What Does Life After IPO Look Like For Zynga?

  • SHARES

By Inside Mobile Apps

With shares dipping 5%, Zynga’s $1 billion initial public offering Friday shows that there’s still a long way to go for the company that legitimized free-to-play social games in Western markets.

Following South Korea’s Nexon, Zynga is the second initial public offering from a gaming company in the last week that has seen its shares dip below the initial price. Unlike coupon site Groupon, which is still trading above its offer price, both Zynga and Nexon have comparable publicly-traded companies like video game publishers Activision, EA, and Ubisoft, against which revenue and profit multiples can be benchmarked. (Nevermind the fact that Zynga is profitable and Groupon is not.) Given that those companies have struggled to maintain investor in the last three years as confidence as mortar-and-brick retail sales dip, it’s easier to understand how Zynga is facing skepticism over more than just its free-to-play model. On top of that, uncertainty about the stability of the European Union has rattled investors in broader equity markets.

The consolation from Zynga’s day-one performance may be that the developer and its underwriters priced the offering effectively enough that the company didn’t leave money on the table for investors to pocket by immediately turning around and selling shares.

The real question is, where to next? The key to life after IPO for Zynga will be growth — on mobile, in international markets, and on alternative social game platforms outside of Facebook.

Mobile: Will There Be a Zynga of iOS or Android?

The most promising opportunity for independence from Facebook lies on iOS and Android, where Google and Apple have built attractive, fast-growing ecosystems for the same kind of games that are the heart of Zynga’s original business. Zynga started the year as an underdog with Storm8’s Farm Story and Playforge’s Zombie Farm beating the companion to its blowout hit FarmVille and a group of Siberian developers running circles around their poker app.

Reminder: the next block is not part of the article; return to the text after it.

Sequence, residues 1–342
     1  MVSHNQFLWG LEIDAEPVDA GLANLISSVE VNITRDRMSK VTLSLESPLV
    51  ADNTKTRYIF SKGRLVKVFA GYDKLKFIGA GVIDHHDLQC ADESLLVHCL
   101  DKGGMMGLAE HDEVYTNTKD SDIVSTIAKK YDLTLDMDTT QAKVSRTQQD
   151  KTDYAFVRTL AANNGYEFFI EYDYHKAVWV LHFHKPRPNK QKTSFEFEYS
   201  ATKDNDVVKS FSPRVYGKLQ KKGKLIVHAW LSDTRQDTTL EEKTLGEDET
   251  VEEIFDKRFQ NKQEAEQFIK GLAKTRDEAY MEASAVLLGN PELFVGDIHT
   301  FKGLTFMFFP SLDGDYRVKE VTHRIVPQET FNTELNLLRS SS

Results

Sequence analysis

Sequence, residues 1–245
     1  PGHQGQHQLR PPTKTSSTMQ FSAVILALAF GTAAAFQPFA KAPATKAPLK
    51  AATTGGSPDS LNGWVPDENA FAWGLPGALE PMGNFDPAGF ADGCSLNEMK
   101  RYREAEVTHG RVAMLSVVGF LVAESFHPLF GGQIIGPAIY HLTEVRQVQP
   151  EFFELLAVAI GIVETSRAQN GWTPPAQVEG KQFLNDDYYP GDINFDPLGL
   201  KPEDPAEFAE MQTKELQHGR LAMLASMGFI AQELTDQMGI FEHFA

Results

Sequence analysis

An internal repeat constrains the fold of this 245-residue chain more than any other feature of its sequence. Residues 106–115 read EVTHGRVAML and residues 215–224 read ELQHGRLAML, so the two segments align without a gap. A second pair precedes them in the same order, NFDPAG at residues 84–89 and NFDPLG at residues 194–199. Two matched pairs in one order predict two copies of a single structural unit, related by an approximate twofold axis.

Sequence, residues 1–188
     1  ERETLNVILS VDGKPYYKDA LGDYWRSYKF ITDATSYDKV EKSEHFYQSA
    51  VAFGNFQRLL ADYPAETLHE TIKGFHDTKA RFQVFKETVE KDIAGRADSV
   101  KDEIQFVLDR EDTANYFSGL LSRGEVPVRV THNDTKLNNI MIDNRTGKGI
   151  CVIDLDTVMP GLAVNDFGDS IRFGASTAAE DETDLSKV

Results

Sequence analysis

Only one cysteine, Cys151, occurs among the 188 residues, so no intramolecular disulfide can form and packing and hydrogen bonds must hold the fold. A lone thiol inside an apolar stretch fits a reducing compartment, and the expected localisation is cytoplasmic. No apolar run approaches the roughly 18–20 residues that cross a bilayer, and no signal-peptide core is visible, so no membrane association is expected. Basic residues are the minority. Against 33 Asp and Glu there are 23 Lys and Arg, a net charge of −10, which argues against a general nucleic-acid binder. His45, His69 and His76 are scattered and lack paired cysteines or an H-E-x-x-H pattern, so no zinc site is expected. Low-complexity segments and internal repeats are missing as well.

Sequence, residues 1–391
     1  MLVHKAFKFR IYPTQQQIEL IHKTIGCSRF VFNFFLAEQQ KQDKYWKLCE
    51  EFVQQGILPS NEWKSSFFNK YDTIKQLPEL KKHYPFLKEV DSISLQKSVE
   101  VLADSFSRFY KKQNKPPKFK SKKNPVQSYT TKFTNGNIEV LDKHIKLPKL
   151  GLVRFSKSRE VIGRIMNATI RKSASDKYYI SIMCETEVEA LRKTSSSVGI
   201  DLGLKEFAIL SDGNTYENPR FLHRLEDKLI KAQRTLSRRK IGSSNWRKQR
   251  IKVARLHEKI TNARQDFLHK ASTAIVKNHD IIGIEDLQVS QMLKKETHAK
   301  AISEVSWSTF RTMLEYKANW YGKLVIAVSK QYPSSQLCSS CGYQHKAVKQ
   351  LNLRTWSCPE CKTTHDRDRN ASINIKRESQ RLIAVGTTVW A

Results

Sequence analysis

But with gradual optimization, a savvy and cheap acquisition of Words With Friends-maker Newtoy, and a promising launch in Dream Zoo have helped Zynga come around. It has 13 million daily actives on Android and iOS — a number that is sure to grow with the fracas around Alec Baldwin’s addiction to Words With Friends. Although there is no data to know for sure, Zynga probably has more daily active users on mobile devices than any other developer except for Rovio Mobile, which says it has 30 million daily actives across all platforms.

In 2012, we’ll find out if that becomes a big enough business to help the company diversify outside of Facebook in a meaningful way.

Ballpark figures have us putting high-grossing iOS games at between $1 and 3 million a month and there are several publicly traded mobile gaming companies that pulled in between $7 and 19 million in the quarter ending in September. That gives us a handful of privately-held companies with similarly-ranked games that are likely bringing in between $50 and 100 million in annualized revenue.

At this point with six titles in the iOS top grossing 100 in the U.S., Zynga is probably one of those. Then you have to consider that Android and iOS may be poised to have a larger combined footprint than Facebook in the next 12 months. The two platforms have 450 million cumulative device activations or sales behind them. (That number doesn’t deduplicate consumers who have replacement devices.)

One drawback, however, with mobile platforms is that neither Android or iOS seems structured to produce a winner-take-all environment in the way that Facebook has been. Apple certainly isn’t going to sign a five-year agreement guaranteeing Zynga the same kinds of advantages and growth targets that Facebook has. Plus, a variety of games can flourish on the iPhone from casual, resource management games to console-quality RPGs and first-person shooters.

Read the rest on our sister site, Inside Social Games.